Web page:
My standard recipe calls for 5 cups of water to 3.5 cups of sugar. If you find this is too sweet, I recommend decreasing the sugar by 10% and trying again. It's a fine balance to strike though, too much alcohol makes it too strong, too much sugar makes it too sweet and too much water dilutes the whole flavor, making it insipid.
Another tip in adjusting proportions is that sugar adds about half its dry volume to the simple syrup. So my standard recipe yields a quantity of 6.75 cups of simple syrup (the 5 cups of water plus 1.75, which is half of the 3.5 cups of sugar).
Here's a bonus tip for you. Another extremely common question I get is "what is that film on top of my limoncello?" It's called "il collarino" by the Italians and it's just residue from the lemons, perfectly safe though visually unappealing. At the simple syrup stage you can virtually eliminate this film by allowing the simple syrup to completely cool to room temperature before adding the infused alcohol. I learned this trick from the guys at Fabrizia.
There are 2 more emails with more tips and tricks on the way. Stay tuned to learn how to test adding other flavors to your limoncello.
This module is another one that is driven by the questions I've
received from readers over the years. Another common question is
"have you ever tried using [insert fruit] instead of lemons?" My
answer is usually yes, I've tried a lot of different fruits and
some are quite delicious. You can also spice things up by adding
small portions of other flavors to your limoncello.
Module 5: Adding Other Flavors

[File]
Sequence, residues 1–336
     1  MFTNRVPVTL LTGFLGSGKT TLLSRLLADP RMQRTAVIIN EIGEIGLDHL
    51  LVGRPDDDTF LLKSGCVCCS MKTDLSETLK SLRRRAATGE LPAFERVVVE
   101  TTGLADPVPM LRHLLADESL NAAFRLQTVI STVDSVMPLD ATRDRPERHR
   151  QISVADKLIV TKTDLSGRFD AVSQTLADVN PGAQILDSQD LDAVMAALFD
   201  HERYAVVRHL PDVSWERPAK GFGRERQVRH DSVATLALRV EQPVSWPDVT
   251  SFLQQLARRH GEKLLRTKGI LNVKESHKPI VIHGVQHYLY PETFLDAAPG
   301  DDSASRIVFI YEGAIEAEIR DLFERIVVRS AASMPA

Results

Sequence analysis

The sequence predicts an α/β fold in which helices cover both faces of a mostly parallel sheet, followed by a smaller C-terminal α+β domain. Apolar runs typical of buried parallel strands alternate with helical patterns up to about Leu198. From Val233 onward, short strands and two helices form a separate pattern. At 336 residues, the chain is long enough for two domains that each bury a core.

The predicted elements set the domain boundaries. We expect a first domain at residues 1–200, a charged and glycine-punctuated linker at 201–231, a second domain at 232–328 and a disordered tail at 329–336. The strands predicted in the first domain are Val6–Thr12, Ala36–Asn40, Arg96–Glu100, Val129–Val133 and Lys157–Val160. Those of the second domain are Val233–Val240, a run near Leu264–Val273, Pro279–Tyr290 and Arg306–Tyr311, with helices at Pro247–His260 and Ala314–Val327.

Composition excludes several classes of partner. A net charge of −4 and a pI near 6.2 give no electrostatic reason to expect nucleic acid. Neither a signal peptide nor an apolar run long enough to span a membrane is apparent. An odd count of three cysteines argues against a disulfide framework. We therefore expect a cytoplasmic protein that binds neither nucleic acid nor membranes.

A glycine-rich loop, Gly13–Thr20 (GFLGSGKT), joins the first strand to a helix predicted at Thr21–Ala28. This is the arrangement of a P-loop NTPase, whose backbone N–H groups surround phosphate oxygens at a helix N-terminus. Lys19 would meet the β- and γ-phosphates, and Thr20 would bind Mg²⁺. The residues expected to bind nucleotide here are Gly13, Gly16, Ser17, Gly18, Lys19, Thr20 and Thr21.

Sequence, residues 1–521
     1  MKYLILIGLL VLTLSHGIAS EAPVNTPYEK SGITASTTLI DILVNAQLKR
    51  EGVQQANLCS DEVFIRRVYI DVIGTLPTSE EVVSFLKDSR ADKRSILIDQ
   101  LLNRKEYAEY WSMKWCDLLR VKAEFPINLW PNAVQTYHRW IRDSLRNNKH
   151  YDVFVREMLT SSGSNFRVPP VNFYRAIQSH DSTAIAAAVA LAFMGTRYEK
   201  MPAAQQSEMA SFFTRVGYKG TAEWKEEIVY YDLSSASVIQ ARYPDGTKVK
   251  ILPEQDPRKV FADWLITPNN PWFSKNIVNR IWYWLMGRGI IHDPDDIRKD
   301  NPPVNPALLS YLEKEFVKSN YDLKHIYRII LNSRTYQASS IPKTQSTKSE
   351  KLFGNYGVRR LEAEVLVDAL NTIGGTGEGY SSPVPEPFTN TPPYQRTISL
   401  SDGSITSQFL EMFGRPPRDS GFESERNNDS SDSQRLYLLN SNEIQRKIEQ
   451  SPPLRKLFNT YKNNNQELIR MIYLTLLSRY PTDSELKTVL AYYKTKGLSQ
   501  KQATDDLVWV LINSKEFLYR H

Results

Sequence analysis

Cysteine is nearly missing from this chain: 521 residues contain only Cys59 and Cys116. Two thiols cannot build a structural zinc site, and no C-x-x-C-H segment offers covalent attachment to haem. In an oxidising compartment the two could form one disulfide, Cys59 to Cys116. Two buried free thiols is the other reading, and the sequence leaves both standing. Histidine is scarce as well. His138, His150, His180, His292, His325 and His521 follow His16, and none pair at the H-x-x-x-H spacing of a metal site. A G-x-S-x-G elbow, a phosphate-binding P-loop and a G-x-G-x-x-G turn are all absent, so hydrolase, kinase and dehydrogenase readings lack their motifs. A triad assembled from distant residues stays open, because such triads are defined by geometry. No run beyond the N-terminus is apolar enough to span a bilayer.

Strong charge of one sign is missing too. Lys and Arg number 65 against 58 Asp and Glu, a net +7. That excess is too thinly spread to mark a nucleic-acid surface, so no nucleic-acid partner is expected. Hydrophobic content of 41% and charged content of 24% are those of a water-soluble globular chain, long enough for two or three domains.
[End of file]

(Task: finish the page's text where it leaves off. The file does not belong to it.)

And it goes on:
Once you've made a couple batches of limoncello that you like, it's
fun to start experimenting with adding other complimentary flavors.
Leave your own mark on it, so to speak. I once read some career
advice that said to use a special phrase that is associated only with
you, like "bullseye." The idea being that later you could work it into
conversations and say "that's a bullseye idea" to mark it as your own
without being overt. I think most co-workers are too smart for that
and would call you a "tool." But with limoncello, it can really work!
One of my favorites is to add some pineapple. I cut up about a
third of a very ripe pineapple and infuse it with the normal lemon
mixture. You can tell a pineapple is ripe if the innermost leaves
at the top come out easily when you tug on them. It's a hard thing
to do without the other leaves poking your fingers but I think it's
worth it. Pineapple gives the limoncello a flavor that is more
candy-like but it's otherwise hard to identify the addition. It's a
nice subtle twist.
Another favorite is to add vanilla. Not vanilla extract, but a real
vanilla bean. Scrape the inside out and add half of a vanilla bean